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Campus Life

Newly named residence hall honors David and Valerie Hodge

David Hodge was Miami president from 2006-2016

Hodge family in front of Hodge Hall
Campus Life

Newly named residence hall honors David and Valerie Hodge

Make Miami more Miami.

That, recalled Don Crain ’70, was the first objective of David Hodge when he was hired as president of Miami University in 2006. Hiring a new university president was one of the first tasks for Crain when he joined Miami’s Board of Trustees, and he said Hodge made the decision an easy one. 

Crain was among the speakers during the Sept. 22 dedication of Hodge Hall, formerly Stonebridge Hall, a residence hall established in 2014 on Miami’s Western Campus. Several members of the Miami community gathered in Hodge Hall’s Michael Schwerner Lobby for the event, which honored David and Valerie Hodge, who served as president and university ambassador, respectively, until 2016. 

“Collectively, you made Miami better. Much better,” Crain said of the Hodges.  

“David and Valerie, this is the much better Miami that you created. Yes, we faced great challenges, but with the help of the people that you hired, and developed, and a strong board of trustees, your leadership, your inspiration, and your passion made Miami a better place and a much stronger and vibrant institution.” 

Current President Gregory Crawford and University Ambassador Dr. Renate Crawford highlighted many of the accomplishments of the Hodges’ tenure — from sustainability efforts to infrastructure to academic excellence.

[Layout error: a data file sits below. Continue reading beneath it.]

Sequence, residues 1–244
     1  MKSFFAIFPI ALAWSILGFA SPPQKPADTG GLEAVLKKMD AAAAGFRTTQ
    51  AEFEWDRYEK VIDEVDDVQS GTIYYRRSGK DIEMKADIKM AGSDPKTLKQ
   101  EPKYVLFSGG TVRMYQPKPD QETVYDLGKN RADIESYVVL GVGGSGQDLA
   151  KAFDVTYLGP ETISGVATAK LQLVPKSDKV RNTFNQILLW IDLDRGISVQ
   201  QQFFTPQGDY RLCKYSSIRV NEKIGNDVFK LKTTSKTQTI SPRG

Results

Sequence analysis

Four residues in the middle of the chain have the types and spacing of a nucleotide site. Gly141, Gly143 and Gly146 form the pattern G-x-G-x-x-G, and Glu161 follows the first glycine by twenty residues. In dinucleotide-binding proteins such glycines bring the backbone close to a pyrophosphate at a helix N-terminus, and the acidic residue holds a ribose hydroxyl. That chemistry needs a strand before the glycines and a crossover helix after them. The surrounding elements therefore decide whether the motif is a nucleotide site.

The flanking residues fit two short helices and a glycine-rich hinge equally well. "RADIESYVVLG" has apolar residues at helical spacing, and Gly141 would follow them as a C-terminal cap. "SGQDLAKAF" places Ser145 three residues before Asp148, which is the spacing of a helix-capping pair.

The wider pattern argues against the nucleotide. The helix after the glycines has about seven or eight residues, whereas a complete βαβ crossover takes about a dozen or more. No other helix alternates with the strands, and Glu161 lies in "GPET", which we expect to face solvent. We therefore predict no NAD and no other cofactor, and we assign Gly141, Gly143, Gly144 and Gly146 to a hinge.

“For a decade, from 2006 to 2016, President David Hodge and University Ambassador Valerie Hodge magnanimously led Miami University, further heightening and reinforcing Miami’s commitment to the student experience and the teacher-scholar model,” Renate Crawford said. 

President Crawford noted the renovation of residence halls and dining halls, and the construction of Armstrong Student Center, all happened during that time, as well as geothermal efforts that have reduced the carbon footprint at Miami by more than 50 percent. 

The transformation of the Myaamia Project to the Myaamia Center also occurred during the Hodge era, as did the implementation of the Code of Love and Honor. 

“Today, the Code of Love and Honor is what we stand for,” President Crawford said. “It’s our values. It’s our virtues. It’s what we believe in and our expectations for all of us and all other Miamians.” 

With family, friends, alumni, and faculty and staff — past and present — in attendance, the Hodges reflected warmly on their decade at Miami. 

“This is welcome home for us,” Valeria Hodge said. “Miami was a wonderful place, and we can’t imagine who we would be if we hadn’t been here.” 

During the recruitment process for his presidential role, David Hodge quickly identified two overarching themes that dominated their time at the university. 

The first was the incredible dedication of everyone involved with Miami. “We used to joke it was in the water,” he said. 

The second was the mission and vision of creating a vibrant learning and discovery environment that produces graduates of uncommon quality. 

“Think about that,” David Hodge said. “The Miami experience, which takes all the aspects of one’s life — character, intelligence, value — all those things and puts them together. It’s a remarkable, remarkable place. 

“Whatever we may have given to the university, the university has given back to us tenfold.” 

Valerie Hodge said, “I think David and I both feel that we lived that phrase, ‘To think, that in such a place, we lived such a life.’”